Non-Union Retirees Win Class Action Lawsuit Over ReducedBenefits in O’Neill v. General Motors of Canada
Contracts is an ancient, well-trodden area of the law, and contract cases rarely get to the Supreme Court. A recent case that might make it there concerns a move by General Motors (in dire financial straits at the time) to reduce the health and life insurance benefits of its non-union retirees.
The case is a class action, O’Neill v. General Motors of Canada, 2013 ONSC 4654, with the class consisting of over 3,000 retirees. There is a substantial amount of money at stake, as well as some interesting legal issues in interpreting informal contracts. General Motors has already announced that it will appeal the decision that Justice Belobaba made in favour of the plaintiffs.
These were not unionized employees, so there was never a formal written contract. The judge had to infer the contract by reading through the more than 260 brochures and information circulars distributed to employees over the decades. The court record quotes the effusive language of some of these, made when GM was rich and secure, promising their loyal employees gold-plated benefits for life.
As is often the case with contracts, one of the issues in dispute was a type of exclusion clause. A few of the documents (out of the 260) mentioned that GM reserved the right to change its benefits programs.
The judge found that, taken as a whole, the documents provided the retirees with a reasonable expectation that their benefits were guaranteed for life. GM’s occasional disclaimers were few and far between, and vague. Given this finding, a number of legal principles worked against the defendant, starting with the contra proferentem rule, which weighs even more heavily in an employment contract.
Class counsel argued that this breach of contract finding should also apply to the salaried employee who had reached the prescribed age and years of service, and thereby became eligible to retire, but continued to work. Regrettably, given my interpretation of the ROR clause (i.e. changes can be made during active employment but not after the employee has actually retired), I am unable to include the retirement-eligible employees who continued working and whose benefits were reduced while they were still actively employed. (para 81).
This seems to be contrary to the economic logic of a contract in which deferred compensation is part of the bargain. Earlier, the judge had noted that that these benefits were not gratuitous promises by GM to its employees. They were part of the consideration in the employment contract:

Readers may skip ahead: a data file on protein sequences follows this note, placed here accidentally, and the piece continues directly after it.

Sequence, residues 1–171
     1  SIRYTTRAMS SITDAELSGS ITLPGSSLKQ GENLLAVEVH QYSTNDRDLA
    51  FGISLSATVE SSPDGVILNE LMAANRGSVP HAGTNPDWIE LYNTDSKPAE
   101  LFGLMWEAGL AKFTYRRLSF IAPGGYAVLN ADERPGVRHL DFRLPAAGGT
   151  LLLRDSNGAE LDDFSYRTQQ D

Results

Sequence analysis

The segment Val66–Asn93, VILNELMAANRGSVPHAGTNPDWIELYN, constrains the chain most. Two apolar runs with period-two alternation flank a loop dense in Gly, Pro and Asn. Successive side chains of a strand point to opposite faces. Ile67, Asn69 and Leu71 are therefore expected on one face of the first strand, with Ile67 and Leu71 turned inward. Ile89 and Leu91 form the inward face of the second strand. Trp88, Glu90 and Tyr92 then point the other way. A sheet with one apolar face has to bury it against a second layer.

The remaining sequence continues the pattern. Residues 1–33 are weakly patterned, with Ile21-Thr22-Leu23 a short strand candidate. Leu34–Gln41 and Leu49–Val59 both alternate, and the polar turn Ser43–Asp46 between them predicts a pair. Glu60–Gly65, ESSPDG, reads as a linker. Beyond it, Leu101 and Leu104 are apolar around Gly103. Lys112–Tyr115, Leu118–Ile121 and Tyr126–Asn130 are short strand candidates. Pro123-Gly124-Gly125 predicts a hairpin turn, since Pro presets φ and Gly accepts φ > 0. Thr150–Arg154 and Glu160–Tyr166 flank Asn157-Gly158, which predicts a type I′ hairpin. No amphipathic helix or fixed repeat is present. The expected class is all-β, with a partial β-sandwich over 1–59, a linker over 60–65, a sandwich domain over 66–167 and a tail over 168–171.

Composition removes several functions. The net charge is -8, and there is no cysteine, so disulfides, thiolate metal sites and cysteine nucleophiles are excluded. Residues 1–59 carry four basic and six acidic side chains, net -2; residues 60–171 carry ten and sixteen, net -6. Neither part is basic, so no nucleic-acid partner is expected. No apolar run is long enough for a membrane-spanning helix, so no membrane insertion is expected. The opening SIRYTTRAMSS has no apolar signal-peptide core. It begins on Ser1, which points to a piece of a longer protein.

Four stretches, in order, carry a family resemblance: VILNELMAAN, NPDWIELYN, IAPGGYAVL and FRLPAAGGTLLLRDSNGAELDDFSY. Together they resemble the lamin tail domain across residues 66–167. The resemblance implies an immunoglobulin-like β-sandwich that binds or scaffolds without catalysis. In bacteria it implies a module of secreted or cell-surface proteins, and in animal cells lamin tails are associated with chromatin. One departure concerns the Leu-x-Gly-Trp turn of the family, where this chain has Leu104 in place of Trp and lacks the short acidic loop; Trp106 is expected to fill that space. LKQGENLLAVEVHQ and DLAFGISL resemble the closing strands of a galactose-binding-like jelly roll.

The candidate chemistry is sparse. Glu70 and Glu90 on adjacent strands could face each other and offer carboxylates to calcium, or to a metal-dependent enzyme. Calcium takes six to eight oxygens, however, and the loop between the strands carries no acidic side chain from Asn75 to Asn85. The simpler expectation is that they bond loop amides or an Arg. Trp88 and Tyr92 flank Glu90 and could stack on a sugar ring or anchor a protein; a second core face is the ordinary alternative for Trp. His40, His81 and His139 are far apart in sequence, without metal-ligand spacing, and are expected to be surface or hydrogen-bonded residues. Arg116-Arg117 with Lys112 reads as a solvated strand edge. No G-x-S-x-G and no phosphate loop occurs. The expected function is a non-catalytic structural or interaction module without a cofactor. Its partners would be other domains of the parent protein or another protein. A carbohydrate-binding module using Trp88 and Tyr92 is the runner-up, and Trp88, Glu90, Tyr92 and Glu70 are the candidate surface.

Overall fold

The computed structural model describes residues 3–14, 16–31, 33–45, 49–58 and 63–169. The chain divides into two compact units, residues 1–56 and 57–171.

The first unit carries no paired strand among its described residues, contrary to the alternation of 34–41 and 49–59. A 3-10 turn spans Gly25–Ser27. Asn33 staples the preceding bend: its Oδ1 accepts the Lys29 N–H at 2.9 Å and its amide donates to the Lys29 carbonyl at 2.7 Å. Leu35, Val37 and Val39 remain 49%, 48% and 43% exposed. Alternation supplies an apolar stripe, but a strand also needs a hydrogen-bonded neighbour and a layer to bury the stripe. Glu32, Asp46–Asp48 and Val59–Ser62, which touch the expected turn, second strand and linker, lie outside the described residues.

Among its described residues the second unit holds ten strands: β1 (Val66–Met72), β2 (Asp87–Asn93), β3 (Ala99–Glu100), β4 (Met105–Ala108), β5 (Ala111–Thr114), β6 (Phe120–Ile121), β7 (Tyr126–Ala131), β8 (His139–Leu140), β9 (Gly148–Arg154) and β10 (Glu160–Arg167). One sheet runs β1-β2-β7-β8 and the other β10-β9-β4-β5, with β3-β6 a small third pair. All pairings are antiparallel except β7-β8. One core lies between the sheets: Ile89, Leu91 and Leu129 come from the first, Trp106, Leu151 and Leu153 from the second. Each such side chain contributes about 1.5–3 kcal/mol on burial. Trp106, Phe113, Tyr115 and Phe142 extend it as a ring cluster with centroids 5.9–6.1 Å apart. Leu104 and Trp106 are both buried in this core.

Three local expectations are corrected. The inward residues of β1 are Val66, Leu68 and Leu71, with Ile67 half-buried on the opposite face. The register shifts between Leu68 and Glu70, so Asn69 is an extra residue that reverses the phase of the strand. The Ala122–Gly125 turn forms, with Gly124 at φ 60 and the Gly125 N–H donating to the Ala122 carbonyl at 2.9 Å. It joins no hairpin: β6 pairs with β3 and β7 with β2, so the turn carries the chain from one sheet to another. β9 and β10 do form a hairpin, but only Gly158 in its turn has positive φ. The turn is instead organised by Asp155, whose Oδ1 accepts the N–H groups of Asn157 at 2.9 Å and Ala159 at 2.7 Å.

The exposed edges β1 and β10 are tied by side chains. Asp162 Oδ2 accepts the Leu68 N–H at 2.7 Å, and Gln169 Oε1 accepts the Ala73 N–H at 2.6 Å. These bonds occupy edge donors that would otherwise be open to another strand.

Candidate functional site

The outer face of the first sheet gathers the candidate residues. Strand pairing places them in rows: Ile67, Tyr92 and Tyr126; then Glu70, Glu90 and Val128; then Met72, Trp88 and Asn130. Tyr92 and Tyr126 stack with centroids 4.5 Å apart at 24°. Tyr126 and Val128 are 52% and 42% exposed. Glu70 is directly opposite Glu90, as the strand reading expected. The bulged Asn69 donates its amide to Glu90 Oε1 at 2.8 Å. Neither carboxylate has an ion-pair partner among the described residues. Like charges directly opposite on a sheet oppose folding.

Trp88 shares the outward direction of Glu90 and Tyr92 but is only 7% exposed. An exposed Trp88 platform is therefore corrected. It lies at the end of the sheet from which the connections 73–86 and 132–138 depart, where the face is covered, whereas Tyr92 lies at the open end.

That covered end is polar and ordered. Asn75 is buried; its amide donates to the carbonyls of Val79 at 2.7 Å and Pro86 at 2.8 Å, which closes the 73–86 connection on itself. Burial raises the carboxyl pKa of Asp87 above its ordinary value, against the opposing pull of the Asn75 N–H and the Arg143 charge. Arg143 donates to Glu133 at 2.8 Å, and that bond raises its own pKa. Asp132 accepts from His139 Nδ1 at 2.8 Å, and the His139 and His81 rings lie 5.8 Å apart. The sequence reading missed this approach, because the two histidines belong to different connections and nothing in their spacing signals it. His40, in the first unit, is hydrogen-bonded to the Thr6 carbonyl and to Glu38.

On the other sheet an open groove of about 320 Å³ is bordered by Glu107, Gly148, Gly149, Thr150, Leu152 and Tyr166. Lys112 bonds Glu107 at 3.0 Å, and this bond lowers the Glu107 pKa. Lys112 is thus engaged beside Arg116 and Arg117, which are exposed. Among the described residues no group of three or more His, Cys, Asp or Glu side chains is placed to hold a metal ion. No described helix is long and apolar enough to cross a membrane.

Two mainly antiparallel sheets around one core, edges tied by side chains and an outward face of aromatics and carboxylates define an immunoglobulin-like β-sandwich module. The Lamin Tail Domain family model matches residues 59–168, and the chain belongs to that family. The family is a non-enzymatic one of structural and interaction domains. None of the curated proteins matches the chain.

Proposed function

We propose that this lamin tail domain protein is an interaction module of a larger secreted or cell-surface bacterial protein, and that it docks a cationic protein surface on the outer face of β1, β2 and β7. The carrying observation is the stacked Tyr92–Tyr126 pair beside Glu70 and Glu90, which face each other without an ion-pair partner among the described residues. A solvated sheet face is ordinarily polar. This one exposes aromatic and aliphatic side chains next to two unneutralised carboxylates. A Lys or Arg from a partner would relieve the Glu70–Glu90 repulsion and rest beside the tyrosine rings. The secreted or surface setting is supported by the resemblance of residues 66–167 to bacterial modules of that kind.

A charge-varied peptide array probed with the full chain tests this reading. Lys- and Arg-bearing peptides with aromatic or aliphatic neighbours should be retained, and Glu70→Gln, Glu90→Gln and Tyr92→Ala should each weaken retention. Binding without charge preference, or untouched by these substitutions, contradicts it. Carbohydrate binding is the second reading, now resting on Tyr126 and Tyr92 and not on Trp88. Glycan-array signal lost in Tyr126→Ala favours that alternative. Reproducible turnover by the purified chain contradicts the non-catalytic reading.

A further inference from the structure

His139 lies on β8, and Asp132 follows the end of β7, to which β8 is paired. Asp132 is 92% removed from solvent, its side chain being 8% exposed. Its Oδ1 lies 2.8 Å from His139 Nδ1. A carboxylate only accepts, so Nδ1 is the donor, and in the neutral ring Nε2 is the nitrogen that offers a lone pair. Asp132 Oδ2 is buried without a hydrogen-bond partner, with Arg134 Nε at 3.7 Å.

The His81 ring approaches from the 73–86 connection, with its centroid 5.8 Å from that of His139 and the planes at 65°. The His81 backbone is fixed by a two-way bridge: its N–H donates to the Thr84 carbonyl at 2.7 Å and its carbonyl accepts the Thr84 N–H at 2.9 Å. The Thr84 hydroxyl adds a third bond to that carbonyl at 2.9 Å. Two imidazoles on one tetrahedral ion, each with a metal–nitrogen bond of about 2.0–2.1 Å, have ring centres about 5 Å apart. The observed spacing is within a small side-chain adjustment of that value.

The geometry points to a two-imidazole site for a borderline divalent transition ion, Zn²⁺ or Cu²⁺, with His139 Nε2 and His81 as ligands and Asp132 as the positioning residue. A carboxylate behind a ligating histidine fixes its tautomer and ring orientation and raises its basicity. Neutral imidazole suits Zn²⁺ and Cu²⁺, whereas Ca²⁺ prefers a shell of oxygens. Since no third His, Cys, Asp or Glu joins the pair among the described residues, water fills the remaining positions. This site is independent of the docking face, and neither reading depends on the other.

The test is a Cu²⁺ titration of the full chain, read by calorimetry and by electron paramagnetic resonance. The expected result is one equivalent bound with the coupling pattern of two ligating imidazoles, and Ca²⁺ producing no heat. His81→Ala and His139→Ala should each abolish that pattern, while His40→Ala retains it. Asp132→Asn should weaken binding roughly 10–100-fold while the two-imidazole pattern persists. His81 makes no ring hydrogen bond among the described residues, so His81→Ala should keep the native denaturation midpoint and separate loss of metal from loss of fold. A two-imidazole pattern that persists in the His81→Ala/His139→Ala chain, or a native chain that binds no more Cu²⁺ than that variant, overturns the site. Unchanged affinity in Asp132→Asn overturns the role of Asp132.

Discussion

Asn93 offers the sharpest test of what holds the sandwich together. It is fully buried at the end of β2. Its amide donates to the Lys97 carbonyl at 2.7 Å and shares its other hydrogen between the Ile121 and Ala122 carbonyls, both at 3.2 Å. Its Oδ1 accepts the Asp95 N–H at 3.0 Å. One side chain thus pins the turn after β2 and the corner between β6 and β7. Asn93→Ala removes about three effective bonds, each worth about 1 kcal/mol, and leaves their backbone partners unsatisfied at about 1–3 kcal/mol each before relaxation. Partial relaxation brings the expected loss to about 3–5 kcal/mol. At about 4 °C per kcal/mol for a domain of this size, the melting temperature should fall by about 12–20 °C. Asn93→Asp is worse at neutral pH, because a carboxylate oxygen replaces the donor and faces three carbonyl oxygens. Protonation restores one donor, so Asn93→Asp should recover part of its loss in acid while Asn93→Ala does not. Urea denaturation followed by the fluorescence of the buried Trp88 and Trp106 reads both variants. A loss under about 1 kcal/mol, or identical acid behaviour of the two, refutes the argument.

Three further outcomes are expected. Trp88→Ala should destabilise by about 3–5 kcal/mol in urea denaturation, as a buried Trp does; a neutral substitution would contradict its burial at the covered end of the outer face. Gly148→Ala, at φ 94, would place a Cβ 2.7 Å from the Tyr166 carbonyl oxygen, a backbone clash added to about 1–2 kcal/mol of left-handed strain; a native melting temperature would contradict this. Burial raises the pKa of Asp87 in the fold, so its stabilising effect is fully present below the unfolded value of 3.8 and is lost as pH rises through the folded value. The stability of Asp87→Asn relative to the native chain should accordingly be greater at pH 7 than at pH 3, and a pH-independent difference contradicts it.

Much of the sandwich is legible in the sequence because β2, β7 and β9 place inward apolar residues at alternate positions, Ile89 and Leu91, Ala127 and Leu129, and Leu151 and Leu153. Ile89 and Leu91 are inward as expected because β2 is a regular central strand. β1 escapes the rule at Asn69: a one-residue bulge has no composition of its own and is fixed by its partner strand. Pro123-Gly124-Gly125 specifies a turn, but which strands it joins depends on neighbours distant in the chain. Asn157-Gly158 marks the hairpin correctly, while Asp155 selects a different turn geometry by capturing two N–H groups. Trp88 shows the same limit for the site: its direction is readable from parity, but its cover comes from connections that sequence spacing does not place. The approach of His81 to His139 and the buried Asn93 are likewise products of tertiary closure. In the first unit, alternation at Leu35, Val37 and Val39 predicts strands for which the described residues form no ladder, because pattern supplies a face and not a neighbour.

In numerous benefit documents, beginning in at least the mid-1970’s, GMCL reminded employees that the benefits represented a substantial cost to the company and were an important part of the “compensation from your job”; that “your benefits, in a very real sense, are a part of your compensation”; and that “the combined GM benefit plans add significantly to the total pay you receive for the work you do.” (para 39).
For every day of work that has been done, part of the post-retirement benefits has been earned, on a quantum meruit basis, as deferred compensation. As a matter of contract, it should not be open to the employer to “reserve the right” to withdraw benefits that have already been earned. An employee who is 64 years old and has worked for 40 years but not yet retired has already earned most of the benefits that will be due after retirement.
Issues of this type will loom large in the coming years as the forces of global competition press employers to cut back on their compensation costs.
Outside the public service, only a small and diminishing share of Canadian employees is covered by formal union contracts. The way that the courts interpret the informal contracts that govern the employment relationship has a very significant impact on the economic well-being of employees and the rights of employers. It will be interesting to see how the appeal in this case proceeds.